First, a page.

A man who confronted Boris Johnson over the state of the NHS after years of austerity has said that his daughter is doing better.
Omar Salem confronted the prime minister during a visit to a children’s ward at Whipps Cross University hospital in north-east London, where his seven-day-old daughter was being treated.
Salem took the prime minister to task, complaining there were not enough doctors and nurses in a conversation lasting about two minutes.
Salem said the situation was not acceptable and told the prime minister: “My daughter nearly died yesterday. And I came here, the A&E guys were great but we then came down to this ward here and it took two hours [inaudible] and that is just not acceptable. This ward is not safe for children.
“There was one registrar covering the entirety of this ward and the neonatal unit. That is just not acceptable, is it? There are not enough people on this ward, not enough doctors, not enough nurses and it’s not well organised enough.”
Salem tweeted on Saturday: “Our daughter is very much better, which is a great relief.
“Thank you to the ambulance/A&E staff and the ward staff who cared for her over the last few days. She will be in hospital for a while longer for precautionary reasons. Thank you for all the messages of love & support.”
During his conversation with Johnson, Salem accused the Conservative government of wrecking the NHS while using its hospitals as a backdrop for political campaigning.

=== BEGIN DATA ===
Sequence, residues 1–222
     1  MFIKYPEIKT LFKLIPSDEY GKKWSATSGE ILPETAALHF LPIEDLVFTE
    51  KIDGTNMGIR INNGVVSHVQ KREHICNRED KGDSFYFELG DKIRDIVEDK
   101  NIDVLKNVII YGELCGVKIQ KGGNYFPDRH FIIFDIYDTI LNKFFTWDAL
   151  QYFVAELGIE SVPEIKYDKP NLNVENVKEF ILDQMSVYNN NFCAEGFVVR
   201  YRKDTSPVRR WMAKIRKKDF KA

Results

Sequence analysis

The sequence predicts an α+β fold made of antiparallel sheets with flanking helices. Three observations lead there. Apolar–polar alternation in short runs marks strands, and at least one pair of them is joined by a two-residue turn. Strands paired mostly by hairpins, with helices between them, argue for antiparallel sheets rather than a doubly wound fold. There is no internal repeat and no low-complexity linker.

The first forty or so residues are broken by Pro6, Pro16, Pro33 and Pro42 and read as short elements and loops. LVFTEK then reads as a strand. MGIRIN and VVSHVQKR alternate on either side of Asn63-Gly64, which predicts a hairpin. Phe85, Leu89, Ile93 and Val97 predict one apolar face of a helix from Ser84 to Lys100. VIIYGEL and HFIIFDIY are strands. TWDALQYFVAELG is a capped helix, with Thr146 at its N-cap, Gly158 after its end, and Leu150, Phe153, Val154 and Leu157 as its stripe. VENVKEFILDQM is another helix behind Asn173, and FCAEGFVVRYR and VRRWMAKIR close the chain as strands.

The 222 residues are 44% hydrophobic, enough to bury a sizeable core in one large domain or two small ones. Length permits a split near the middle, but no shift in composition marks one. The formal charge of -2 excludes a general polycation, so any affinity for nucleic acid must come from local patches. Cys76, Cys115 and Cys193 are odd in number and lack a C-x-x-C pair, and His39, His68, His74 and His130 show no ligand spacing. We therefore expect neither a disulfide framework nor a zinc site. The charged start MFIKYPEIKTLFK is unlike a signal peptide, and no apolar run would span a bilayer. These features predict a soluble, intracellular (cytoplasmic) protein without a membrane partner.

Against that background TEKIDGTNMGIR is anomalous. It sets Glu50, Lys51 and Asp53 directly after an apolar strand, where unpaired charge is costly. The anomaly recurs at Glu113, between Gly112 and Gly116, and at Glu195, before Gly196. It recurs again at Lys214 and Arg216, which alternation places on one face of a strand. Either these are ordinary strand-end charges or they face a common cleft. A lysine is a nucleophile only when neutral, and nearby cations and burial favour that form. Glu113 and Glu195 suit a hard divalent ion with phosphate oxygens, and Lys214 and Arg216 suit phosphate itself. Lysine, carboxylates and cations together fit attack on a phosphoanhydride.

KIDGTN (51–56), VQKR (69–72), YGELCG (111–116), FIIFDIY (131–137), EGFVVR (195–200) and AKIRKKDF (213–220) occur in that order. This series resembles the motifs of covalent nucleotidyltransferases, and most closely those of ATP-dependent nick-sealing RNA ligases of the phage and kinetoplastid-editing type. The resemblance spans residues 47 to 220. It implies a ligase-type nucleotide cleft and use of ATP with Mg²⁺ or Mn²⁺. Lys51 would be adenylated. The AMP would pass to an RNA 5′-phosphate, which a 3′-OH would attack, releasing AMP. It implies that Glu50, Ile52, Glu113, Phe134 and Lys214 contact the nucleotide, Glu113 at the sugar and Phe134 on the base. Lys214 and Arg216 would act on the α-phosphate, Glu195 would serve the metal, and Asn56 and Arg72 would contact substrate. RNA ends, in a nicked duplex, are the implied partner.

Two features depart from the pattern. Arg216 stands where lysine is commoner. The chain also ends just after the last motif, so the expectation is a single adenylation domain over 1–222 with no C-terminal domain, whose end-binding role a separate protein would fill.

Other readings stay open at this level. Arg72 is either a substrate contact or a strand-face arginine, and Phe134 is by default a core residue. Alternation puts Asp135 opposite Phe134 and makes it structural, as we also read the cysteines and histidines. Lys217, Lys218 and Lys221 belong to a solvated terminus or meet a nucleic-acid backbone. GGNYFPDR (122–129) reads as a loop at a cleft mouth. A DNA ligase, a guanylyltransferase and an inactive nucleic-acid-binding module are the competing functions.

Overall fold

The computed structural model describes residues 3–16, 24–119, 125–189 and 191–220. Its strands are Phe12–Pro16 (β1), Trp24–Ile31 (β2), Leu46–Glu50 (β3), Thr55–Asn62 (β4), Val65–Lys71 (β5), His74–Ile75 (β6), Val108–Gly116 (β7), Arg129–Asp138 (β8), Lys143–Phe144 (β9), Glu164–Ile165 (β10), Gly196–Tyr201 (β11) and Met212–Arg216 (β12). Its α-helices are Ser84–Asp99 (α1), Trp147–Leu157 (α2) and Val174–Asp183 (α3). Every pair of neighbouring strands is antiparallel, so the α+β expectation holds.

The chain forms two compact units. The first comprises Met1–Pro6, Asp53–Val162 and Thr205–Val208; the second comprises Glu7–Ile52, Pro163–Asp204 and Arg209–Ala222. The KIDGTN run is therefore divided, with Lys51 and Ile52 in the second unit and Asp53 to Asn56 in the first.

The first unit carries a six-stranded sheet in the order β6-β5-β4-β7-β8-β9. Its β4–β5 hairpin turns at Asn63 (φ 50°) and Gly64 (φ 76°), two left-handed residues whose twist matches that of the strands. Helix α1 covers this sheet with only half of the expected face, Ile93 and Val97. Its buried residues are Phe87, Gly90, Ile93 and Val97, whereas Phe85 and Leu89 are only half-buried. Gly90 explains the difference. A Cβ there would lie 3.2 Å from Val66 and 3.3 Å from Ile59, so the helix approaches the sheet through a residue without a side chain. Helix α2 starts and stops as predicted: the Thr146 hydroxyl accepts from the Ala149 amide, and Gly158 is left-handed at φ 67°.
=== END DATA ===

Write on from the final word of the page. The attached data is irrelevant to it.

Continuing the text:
He said: “The NHS has been destroyed … and now you come here for a press opportunity.”
Johnson said: “There’s no press here.” But Salem gestured to cameras filming the confrontation, and said: “What do you mean there’s no press here? Who are these people?”
The prime minister explained he was “here to find out” about the situation but the man said: “It’s a bit late, isn’t it? Years and years and years of the NHS being destroyed.”
Salem, who is a Labour activist and came under fire from some on social media after video of the incident emerged, later tweeted: “Boris Johnson had the temerity to come to Whipps Cross hospital for a press opportunity on the children’s ward that my seven-day-old daughter is on, having been admitted to A&E yesterday gravely ill. The A&E team were great but she then went for hours on the ward without seeing a doctor.”
Salem said his role as a Labour activist should not be used to discount his complaints about his daughter’s treatment.
A hospital doctor working on the ward, who was present at Johnson’s visit, backed up Salem’s account, in an interview with the Guardian: “Obviously this was a totally contrived press opportunity – he was shown by far the nicest ward in the hospital.
“I am a medical doctor working at the hospital and the lack of resources, levels of underfunding and understaffing are beyond belief.”